It’s not surprising that leaders of open source AI want to shoehorn themselves into the discussion. Currently, a lot of the oxygen has been taken up by the big names like Microsoft, Alphabet and OpenAI. It’s also pretty self-serving for those behind the letter to call for greater support of open-sourced artificial intelligence because it serves their own (often, commercial) purposes.

But as the White House’s recent executive order on AI highlighted, promoting greater competition around this technology will be key. And that, inevitably, requires smaller players — often with fewer resources — to be able to join forces via open source large language models and other forms of AI to take on the big players.

“We need to invest in a spectrum of approaches — from open source to open science — that can serve as the bedrock for… lowering the barriers to entry for new players focused on creating responsible AI,” the letter continued.

This isn’t just about those with vested interest promoting one form of AI over another. In a recent Stanford University study that looked at how transparent the leading generative AI models are, the researchers discovered that three of the top four systems that performed the best were those with an open-sourced background.

Granted, none of the systems tested in the Stanford study performed great. But the likes of Meta, BigScience and Stability AI, which favor open models, offered greater transparency on how their systems worked versus companies that preferred to keep everything walled off. That includes publishing the types of data used to power these systems; how the AI models were used in the wild; and disclosures on everything from the types of labor used to build the systems to how potential risks were mitigated.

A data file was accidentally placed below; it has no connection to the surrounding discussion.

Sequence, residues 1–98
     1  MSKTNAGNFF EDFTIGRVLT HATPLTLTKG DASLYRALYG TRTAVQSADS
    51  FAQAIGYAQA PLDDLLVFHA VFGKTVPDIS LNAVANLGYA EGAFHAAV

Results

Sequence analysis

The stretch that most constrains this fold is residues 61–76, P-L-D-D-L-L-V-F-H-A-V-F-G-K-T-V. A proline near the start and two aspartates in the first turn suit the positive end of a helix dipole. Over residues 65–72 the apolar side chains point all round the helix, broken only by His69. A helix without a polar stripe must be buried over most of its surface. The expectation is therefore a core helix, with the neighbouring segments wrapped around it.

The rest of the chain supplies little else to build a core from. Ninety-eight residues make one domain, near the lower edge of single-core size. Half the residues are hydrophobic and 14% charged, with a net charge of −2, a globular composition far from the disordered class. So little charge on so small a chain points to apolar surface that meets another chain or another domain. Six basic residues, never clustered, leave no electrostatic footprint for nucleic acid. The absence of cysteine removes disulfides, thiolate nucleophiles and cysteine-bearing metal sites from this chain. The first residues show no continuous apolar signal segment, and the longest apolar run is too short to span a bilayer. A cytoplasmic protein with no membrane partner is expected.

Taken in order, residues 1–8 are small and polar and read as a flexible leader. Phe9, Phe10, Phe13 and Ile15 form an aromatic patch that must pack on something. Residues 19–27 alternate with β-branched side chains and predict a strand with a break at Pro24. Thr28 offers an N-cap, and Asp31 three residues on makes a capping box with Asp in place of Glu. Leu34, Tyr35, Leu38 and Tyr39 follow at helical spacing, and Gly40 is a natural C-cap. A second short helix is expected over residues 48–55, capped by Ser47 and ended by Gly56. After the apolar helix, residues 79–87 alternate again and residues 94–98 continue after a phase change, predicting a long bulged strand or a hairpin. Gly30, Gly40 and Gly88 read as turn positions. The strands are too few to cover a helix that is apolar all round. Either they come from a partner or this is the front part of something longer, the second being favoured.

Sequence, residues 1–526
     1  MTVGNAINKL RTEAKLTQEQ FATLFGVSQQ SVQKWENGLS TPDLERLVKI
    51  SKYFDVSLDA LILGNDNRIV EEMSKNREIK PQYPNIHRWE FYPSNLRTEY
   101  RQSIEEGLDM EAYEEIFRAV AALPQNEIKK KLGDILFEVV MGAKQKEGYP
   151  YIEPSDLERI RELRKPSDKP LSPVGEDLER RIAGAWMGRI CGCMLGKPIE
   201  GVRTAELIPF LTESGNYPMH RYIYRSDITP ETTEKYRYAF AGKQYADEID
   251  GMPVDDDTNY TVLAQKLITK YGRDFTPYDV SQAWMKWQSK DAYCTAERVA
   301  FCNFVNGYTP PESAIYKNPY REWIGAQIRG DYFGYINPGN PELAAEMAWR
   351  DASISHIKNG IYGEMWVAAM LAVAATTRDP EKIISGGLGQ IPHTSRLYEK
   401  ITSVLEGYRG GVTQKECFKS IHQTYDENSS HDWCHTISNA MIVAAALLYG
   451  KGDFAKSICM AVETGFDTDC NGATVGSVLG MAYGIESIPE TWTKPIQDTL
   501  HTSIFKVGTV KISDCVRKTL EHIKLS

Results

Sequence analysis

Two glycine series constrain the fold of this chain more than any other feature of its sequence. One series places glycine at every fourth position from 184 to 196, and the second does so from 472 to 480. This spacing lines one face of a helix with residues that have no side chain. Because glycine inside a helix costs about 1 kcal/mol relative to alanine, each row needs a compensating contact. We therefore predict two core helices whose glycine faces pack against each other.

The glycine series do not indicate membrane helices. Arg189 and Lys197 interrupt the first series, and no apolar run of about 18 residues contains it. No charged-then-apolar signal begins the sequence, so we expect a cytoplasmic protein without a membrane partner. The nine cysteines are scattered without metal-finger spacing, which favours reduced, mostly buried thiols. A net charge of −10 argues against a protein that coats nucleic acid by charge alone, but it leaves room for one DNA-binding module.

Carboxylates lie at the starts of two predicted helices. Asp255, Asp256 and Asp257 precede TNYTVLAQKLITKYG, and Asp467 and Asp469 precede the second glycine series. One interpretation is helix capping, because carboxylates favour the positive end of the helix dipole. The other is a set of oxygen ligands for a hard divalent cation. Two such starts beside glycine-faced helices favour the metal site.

“Open source models are roughly as good as closed models,” said Kevin Klyman, a tech policy researcher at Harvard who co-authored the Stanford University study, in reference to the level of sophistication offered by open source AI systems versus their closed-off competitors. But on transparency: “open developers still outperform closed developers.” — Mark Scott

A handful of members of Congress have a message for Vice President Kamala Harris to carry with her as she jets off to the United Kingdom for its upcoming AI summit.

In a letter exclusively shared with Digital Future Daily, Rep. Sara Jacobs (D-Calif.) and Sen. Ed Markey (D-Mass.) along with a group of co-signers are giving Harris extra momentum to promote the “fundamental rights and democratic values” they say are well-represented in the Biden White House’s Blueprint For an AI Bill of Rights.

“As you participate in the Summit, we ask that you continue to uplift the principles of fairness, accountability and safety, while promoting an inclusive definition of AI safety,” they write.

“…We hope you will emphasize the impact of algorithmic decision-making on access to opportunities and critical needs, including housing, credit, employment, education, and criminal justice,” they continue, urging the White House and global leaders to include “marginalized communities” not usually at the table for high-level tech policy discussions. — Derek Robertson